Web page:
Screening Recommendations for Type 2 Diabetes Mellitus

Screening is recommended for type 2 diabetes because reliable tests are available, and lifestyle changes and medications reduce progression and adverse sequelae of the disease, even in persons who are initially asymptomatic.

 

Summary of Screening Recommendations for Type 2 Diabetes Mellitus

American Association of Clinical Endocrinologists

Screen asymptomatic individuals if risk factors present:

  1. Acanthosis nigricans
  2. Age ≥ 45 years
  3. Antipsychotic therapy for schizophrenia and/or severe bipolar disease
  4. Cardiovascular disease or family history of type 2 diabetes
  5. Chronic glucocorticoid exposure
  6. HDL cholesterol level < 35 mg per dL (0.91 mmol per L) and/or a triglyceride level > 250 mg per dL (2.8 mmol per L)
  7. History of gestational diabetes mellitus or delivery of a baby weighing > 9 lb (4.1 kg)
  8. Hypertension (blood pressure > 140/90 mm Hg or taking medication for hypertension)
  9. Impaired glucose tolerance, impaired fasting glucose, and/or metabolic syndrome
  10. Member of an at-risk racial or ethnic group: Asian, black, Hispanic, Native American (Alaska Native or American Indian), or Pacific Islander
  11. Nonalcoholic fatty liver disease
  12. Overweight or obese
  13. Polycystic ovary syndrome
  14. Sedentary lifestyle
  15. Sleep disorders in the presence of glucose intolerance (A1C > 5.7%, impaired glucose tolerance, or impaired fasting glucose on previous testing), including obstructive sleep apnea, chronic sleep deprivation, and night-shift occupation, every three years
  16. Screen persons with two or more risk factors annually

American Diabetes Association

Screen asymptomatic adults with a body mass index ≥ 25 kg per m2, and one or more additional risk factors:

  1. A1C > 5.7%, impaired glucose tolerance, or impaired fasting glucose on previous testing
  2. Acanthosis nigricans
  3. Cardiovascular disease
  4. First-degree relative with type 2 diabetes
  5. HDL cholesterol level < 35 mg per dL and/or a triglyceride level > 250 mg per dL
  6. High-risk ethnicity: black, Native American/Alaska Native, Hispanic/Latino, Asian American, and Native Hawaiian/Pacific Islander
  7. Hypertension (blood pressure > 140/90 mm Hg or taking medication for hypertension)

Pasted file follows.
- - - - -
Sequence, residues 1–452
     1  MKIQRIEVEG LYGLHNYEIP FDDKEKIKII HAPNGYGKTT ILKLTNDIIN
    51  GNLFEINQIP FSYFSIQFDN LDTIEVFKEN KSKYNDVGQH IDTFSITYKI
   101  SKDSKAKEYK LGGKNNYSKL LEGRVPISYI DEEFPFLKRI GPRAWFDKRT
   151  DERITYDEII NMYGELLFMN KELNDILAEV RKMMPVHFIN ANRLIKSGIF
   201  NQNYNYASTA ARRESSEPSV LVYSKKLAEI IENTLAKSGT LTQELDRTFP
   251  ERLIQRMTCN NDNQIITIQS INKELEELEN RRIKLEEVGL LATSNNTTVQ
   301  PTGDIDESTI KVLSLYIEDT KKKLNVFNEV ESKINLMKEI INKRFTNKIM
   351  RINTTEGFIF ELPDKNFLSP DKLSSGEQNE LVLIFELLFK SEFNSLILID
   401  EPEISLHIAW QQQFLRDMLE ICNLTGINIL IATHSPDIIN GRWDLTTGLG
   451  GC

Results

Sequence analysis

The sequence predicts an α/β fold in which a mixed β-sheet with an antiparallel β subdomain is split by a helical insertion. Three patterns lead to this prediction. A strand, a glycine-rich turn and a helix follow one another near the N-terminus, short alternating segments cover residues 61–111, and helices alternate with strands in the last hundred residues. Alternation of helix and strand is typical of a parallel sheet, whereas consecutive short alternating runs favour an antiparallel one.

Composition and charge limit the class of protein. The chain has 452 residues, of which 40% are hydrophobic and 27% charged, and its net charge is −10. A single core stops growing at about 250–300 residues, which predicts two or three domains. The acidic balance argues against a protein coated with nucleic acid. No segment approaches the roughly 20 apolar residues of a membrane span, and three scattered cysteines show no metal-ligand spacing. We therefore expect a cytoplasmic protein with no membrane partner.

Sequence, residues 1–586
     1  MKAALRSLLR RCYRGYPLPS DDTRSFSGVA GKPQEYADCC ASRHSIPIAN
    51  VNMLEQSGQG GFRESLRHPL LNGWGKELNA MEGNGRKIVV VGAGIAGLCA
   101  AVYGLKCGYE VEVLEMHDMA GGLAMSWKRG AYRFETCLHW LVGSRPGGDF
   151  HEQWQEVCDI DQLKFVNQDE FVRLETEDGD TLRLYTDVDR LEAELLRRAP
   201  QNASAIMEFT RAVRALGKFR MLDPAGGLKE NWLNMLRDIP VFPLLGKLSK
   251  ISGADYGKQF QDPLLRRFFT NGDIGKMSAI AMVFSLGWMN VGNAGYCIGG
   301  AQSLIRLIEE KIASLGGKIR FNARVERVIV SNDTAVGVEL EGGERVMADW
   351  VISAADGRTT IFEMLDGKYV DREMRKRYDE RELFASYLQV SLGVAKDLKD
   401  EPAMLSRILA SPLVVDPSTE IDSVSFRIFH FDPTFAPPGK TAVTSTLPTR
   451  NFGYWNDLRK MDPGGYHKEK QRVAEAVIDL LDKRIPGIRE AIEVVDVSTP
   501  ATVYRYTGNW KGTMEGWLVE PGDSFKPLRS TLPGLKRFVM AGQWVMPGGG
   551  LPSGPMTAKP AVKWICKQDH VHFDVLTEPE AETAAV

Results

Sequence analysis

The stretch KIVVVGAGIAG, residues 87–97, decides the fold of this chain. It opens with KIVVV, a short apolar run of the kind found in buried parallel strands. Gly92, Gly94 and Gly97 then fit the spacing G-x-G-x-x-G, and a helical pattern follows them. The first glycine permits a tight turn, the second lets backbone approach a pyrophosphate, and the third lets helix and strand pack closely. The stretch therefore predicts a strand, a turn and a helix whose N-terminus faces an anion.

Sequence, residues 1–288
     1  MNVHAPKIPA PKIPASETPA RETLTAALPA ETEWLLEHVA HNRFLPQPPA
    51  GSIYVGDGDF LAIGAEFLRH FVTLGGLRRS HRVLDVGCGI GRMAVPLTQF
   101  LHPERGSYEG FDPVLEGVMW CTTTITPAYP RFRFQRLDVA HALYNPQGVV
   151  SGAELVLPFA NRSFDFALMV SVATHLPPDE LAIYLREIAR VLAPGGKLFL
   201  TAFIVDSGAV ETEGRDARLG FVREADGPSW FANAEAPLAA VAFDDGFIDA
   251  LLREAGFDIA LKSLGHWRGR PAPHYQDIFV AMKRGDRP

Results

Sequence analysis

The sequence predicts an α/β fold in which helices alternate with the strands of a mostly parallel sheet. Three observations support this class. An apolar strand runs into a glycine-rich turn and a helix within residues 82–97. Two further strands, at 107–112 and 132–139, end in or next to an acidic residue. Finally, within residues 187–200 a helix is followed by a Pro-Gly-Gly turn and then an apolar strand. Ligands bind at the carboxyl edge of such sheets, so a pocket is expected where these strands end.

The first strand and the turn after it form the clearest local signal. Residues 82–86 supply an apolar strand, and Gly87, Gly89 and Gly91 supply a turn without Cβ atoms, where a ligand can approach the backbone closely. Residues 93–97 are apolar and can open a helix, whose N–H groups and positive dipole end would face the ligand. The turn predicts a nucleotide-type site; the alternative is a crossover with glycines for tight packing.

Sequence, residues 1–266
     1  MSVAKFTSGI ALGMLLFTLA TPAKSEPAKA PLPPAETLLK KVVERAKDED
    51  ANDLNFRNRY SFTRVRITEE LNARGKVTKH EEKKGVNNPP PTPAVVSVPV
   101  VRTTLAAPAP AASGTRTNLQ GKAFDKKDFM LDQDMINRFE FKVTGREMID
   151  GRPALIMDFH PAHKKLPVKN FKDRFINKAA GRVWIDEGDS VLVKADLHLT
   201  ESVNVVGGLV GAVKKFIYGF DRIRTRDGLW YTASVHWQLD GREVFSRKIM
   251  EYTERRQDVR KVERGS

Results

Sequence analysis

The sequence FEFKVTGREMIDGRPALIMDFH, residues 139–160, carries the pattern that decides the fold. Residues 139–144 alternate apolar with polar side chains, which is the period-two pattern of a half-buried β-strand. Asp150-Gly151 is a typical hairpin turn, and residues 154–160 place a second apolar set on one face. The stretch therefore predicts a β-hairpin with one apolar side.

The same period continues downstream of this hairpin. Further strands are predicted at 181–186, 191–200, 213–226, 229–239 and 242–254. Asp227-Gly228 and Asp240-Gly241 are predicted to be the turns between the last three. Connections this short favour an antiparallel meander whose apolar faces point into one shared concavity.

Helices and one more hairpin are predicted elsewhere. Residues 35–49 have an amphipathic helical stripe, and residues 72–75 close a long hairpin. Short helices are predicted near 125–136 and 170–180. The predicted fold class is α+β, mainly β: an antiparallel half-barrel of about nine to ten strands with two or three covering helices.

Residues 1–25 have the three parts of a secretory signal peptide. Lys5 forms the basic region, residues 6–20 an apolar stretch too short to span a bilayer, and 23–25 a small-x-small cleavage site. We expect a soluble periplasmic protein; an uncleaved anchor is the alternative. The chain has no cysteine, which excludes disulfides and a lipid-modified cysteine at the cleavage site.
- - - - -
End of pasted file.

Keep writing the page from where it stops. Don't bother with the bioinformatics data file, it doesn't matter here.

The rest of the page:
8. Physical inactivity
  9. Polycystic ovary syndrome
  10. Women who had gestational diabetes or who delivered a baby weighing > 9 lb

In persons without risk factors, testing should begin at 45 years of age

If test results are normal, repeat testing should be performed at least every three years

Canadian Task Force on Preventive Health Care

Screening is not recommended for adults at low to moderate risk of diabetes (risk determined with a validated risk calculator: FINDRISC and CANRISK, which factor in age, obesity, history of elevated glucose levels, history of hypertension, family history of diabetes, limited activity levels, and diet with limited intake of fruits and vegetables)

For adults at high risk of diabetes, routine screening every three to five years with A1C

For adults at very high risk of diabetes, routine screening annually with A1C

U.S. Preventive Services Task Force

Screen all adults 40 to 70 years of age who are overweight or obese.

Consider screening earlier in patients with higher risk (i.e., one of the following): family history of diabetes; members of certain racial and ethnic groups (i.e., blacks, American Indians or Alaska Natives, Asian Americans, Hispanics or Latinos, or Native Hawaiians or Pacific Islanders); personal history of gestational diabetes or polycystic ovary syndrome

CANRISK = Canadian Diabetes Risk Assessment Questionnaire; FINDRISC = Finnish Diabetes Risk Score Questionnaire; HDL = high-density lipoprotein.

 

 

References:

  1. Pippitt K, Li M, Gurgle HE. Diabetes Mellitus: Screening and Diagnosis. Am Fam Physician. 2016 Jan 15;93(2):103-9. [Medline]
  2. Selph S, Dana T, Blazina I, Bougatsos C, Patel H, Chou R. Screening for type 2 diabetes mellitus: a systematic review for the U.S. Preventive Services Task Force. Ann Intern Med. 2015 Jun 2;162(11):765-76. [Medline]

 

Created Aug 31, 2018

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